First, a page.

The political buzz around Mississippi today has been the possible retirement of Thad Cochran, which might be coming within weeks or months. The long-serving Senator is nearing age 80 and, according to press reports and his Senate office, has been battling health issues for weeks. He’s back in Washington now, at the behest of Mitch McConnell, but with the assistance of a wheelchair.
But there are serious questions about his age and health. Consider this report this afternoon from Politico:
The 79-year-old Cochran appeared frail and at times disoriented during a brief hallway interview on Wednesday. He was unable to answer whether he would remain chairman of the Appropriations Committee, and at one point, needed a staffer to remind him where the Senate chamber is located.
On one amendment, Cochran voted “yes” despite being told by an aide to vote “no.” The staffer tried to get the senator to switch his vote, but Cochran kept flashing the “thumbs up” sign, even walking over to the clerk tallying the vote and doing so. GOP floor staffers repeatedly told him the leadership wanted a “no” vote. Several more moments passed before Cochran realized he was voting the wrong way and then changed his vote.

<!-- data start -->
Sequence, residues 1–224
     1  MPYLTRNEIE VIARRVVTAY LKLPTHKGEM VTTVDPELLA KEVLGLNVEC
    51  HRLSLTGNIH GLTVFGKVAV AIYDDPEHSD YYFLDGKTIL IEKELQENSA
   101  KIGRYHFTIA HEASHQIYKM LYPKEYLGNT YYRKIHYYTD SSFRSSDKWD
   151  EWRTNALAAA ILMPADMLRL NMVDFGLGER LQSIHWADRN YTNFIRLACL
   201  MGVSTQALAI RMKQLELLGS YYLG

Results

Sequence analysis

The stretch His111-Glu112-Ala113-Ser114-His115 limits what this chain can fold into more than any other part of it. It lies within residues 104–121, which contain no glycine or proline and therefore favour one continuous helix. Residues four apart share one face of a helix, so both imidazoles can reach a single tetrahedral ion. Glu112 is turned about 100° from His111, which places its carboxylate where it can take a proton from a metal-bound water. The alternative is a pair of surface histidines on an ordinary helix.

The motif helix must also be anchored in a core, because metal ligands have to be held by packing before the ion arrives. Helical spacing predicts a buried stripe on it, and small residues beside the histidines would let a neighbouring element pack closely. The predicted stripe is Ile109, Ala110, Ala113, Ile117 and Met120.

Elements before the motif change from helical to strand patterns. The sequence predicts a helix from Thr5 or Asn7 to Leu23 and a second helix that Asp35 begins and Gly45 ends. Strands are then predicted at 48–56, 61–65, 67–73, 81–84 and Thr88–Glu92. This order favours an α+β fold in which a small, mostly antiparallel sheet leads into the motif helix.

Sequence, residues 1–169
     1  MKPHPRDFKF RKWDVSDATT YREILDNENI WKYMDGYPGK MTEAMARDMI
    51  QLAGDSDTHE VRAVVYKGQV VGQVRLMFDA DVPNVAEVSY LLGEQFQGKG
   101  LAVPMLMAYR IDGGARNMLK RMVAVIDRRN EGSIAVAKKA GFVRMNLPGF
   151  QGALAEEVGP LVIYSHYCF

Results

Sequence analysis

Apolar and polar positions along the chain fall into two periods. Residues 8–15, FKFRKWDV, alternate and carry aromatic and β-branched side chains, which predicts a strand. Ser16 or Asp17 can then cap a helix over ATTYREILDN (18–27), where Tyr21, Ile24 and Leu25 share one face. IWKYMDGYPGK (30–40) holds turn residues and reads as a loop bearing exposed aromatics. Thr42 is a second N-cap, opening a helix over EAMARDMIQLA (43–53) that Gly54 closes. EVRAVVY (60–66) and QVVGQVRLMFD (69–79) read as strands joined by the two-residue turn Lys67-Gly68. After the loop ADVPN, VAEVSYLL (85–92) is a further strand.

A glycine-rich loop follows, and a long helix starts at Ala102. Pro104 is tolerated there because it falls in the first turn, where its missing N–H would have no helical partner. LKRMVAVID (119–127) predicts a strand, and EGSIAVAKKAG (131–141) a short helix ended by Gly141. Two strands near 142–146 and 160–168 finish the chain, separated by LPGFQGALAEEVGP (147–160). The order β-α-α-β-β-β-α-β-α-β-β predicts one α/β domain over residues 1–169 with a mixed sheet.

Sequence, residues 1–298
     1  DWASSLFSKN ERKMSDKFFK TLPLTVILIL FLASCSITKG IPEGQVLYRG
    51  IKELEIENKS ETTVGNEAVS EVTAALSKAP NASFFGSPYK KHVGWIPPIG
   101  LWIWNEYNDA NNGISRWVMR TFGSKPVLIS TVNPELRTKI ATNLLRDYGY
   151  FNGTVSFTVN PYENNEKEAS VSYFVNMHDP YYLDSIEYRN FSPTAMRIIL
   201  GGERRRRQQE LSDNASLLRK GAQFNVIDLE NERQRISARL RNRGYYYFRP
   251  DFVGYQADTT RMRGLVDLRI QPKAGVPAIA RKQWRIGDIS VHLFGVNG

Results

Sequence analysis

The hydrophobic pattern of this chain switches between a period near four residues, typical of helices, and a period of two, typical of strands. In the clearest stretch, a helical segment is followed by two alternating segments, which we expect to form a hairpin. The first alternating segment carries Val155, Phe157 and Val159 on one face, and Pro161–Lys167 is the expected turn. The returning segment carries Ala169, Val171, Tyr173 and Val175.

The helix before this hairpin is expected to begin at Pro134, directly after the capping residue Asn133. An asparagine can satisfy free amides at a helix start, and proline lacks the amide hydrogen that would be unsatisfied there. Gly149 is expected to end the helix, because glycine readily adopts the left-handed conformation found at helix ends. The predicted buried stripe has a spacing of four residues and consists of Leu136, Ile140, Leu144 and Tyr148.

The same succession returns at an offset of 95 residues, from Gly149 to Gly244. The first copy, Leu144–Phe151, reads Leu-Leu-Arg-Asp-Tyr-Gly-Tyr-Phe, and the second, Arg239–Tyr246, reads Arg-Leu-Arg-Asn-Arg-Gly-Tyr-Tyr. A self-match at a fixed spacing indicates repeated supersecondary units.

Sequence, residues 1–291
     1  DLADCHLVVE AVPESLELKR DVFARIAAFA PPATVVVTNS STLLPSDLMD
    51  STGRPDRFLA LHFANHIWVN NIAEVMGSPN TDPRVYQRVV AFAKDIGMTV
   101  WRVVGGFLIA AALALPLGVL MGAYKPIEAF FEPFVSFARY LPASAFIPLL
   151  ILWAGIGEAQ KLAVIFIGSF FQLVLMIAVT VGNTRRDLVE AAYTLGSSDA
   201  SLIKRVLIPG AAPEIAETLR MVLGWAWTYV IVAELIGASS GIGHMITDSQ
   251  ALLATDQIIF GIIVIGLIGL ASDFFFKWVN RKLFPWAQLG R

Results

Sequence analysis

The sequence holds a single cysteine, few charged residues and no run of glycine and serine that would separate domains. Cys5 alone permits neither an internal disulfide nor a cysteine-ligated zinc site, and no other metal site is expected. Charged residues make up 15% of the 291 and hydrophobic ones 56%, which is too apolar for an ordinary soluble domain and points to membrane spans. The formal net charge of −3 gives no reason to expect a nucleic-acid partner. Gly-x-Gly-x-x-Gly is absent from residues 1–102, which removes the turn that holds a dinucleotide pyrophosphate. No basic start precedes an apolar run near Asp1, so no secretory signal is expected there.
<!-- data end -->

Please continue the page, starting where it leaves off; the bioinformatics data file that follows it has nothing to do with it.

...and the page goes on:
So, with this in mind, and what we know so far, here’s the real question:
With Thad’s advanced age and health issues, is he really able to provide the best representation to the State of Mississippi?
To those who are accusing us of spreading “fake news” or even wishing bad things on Senator Cochran, nothing could be further from the truth. This is not an attack on Senator Cochran but a serious question that the public has a right to weigh in on.
We did not start this. Speculation began to mount after a Bobby Harrison article in the Daily Journal a few days ago. And we know there is currently talk going on between Cochran’s office and that of Governor Phil Bryant on the possibility of a vacancy.
But the bottom line is that Thad Cochran has served long enough in Washington, first coming to Congress in January 1973. Let him retire and go home with some semblance of dignity.
It’s time for a new US Senator, one who is younger, more energetic, and one who is better able to handle the day-to-day rigors of high political office. And, most importantly, we need a Senator who best represents the conservative values and principles of the people of Mississippi.